Adapted from “Manage Your Team’s Attention” by Julian Birkinshaw.

Let Your Employees Nap at 3 PM

If you want to maximize your employees’ performance, consider circadian rhythms when setting assignments, deadlines, and expectations. The most important tasks should be done when people are at their peaks in alertness (around noon and 6 PM). The least important should be scheduled for when alertness dips (very early in the workday and around 3 PM). But we often flood employees with low-level tasks (e.g., emailing) in the morning, so they can only get to important tasks later in the afternoon, when they have to power through to meet an end-of-day deadline. Instead, consider letting your team schedule naps around 3 PM. Naps can be a good way to regulate energy and increase alertness, and evidence even links them to increased performance. This way, employees can recharge at a time when they’re less useful for important tasks anyway, and they’ll be more alert during the next high point in their circadian rhythms.
Adapted from “The Ideal Work Schedule, as Determined by Circadian Rhythms” by Christopher M. Barnes.

Keep Checking In on Your Emotional Intelligence

Emotional intelligence can be strengthened over time with commitment and discipline. But those who most need to develop it often realize that too late. So here are some telltale signs that you need to work on your emotional intelligence:

  • You get impatient and frustrated when you think that others don’t get to the point soon enough.
  • You’re surprised when others are sensitive to your comments or jokes, and you think they’re overreacting.
  • You think being liked at work is overrated.
  • You weigh in early with your opinions and stand behind them no matter what.
  • You hold others to the same high expectations you hold for yourself.
  • You find others are to blame for most of the issues on your team.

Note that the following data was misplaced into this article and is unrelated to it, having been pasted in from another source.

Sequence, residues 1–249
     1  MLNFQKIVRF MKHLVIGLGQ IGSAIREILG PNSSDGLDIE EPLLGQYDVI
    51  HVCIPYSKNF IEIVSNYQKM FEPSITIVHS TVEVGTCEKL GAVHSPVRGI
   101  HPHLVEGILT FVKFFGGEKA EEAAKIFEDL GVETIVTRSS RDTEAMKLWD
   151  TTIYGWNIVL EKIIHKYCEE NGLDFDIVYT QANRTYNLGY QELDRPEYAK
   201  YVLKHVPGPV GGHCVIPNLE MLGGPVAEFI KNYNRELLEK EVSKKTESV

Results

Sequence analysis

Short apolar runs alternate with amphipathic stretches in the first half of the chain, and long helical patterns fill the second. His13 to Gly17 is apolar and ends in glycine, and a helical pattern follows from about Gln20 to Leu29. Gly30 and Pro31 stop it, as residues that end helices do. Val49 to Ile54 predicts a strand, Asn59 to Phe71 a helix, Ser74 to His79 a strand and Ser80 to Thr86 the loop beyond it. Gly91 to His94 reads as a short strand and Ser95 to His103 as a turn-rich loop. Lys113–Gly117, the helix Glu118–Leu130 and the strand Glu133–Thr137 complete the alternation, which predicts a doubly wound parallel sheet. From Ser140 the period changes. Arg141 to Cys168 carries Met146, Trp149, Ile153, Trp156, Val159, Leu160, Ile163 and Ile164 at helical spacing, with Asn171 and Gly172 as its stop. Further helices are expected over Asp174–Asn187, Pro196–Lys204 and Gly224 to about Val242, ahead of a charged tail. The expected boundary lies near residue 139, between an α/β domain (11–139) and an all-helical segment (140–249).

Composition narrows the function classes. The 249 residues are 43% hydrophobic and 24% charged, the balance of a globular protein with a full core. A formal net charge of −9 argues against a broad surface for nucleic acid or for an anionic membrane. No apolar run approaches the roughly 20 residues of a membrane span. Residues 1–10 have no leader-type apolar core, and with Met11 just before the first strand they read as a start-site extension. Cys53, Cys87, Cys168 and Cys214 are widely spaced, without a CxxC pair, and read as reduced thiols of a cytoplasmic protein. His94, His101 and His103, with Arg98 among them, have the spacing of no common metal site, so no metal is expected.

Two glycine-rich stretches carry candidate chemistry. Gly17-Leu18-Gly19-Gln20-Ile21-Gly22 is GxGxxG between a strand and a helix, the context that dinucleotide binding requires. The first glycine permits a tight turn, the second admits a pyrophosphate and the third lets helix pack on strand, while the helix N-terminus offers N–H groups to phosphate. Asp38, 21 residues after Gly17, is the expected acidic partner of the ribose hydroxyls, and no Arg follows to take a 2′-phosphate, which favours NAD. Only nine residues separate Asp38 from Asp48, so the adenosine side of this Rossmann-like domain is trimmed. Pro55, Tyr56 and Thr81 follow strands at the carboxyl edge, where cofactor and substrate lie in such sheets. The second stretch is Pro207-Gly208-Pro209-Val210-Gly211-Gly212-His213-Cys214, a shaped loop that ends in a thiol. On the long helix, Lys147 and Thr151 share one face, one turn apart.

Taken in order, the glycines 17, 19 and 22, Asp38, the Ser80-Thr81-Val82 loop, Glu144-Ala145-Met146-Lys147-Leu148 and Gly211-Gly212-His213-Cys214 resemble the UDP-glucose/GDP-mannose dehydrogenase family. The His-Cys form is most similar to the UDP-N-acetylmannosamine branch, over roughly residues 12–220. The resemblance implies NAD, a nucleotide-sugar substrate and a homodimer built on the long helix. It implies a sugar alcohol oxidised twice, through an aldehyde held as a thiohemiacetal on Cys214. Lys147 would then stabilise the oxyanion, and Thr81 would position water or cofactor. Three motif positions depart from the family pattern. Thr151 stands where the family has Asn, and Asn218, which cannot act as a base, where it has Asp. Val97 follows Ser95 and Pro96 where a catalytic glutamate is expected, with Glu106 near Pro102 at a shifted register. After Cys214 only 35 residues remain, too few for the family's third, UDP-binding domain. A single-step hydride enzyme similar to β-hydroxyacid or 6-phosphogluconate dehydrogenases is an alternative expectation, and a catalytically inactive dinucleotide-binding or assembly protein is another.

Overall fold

• You find it annoying when others expect you to know how they feel.

Adapted from “Signs That You Lack Emotional Intelligence” by Muriel Maignan Wilkins.

Apologize Quickly If You Send an Embarrassing Email

Most people have made the mistake of hitting “reply all” on a private email or sending an insensitive message to the wrong person. After the panic sets in, you need to own the mistake. Approach the offended colleague quickly and apologize: “I’m sorry I did it and even more sorry that I hurt/showed disrespect for you.” Seek forgiveness: “I wrote without thinking, and if I could take it back I would. I can only ask you to forgive me.” Avoid insincere language like: “mistakes were made” or “I’m sorry if you were offended.” Apologize in person or by phone – you don’t want to risk getting it wrong again via email. And as awful as it feels having to make an apology, recognize that you may have done real damage. You might need to take additional steps to show that you actually care about the issue and are taking it seriously.
Adapted from “When a Private Message Ends Up in the Wrong Place” by Karen Dillon.

Befriend Your Boss Without Causing Resentment

Being friends with your boss can be complicated. If you genuinely like each other and want to have a social bond, a friendship is worth cultivating, as it would be with any coworker. But don’t make a special effort beyond what you’d do with any other colleague. If the boss/friend line is too blurry, articulate where you stand in the moment: “I’m speaking as your friend here…” or “As your employee, I’m telling you…” And you don’t want others to think you’re getting special treatment, so take time to consider the decisions your boss is making. Are you getting all the good assignments and easy trips? Ask trusted coworkers if your relationship is a problem for others. If it does seem to be causing resentment, talk with your boss. You might say, “I really appreciate you’ve given me some of the softball assignments, but I’m concerned my colleagues might perceive this as favoritism.”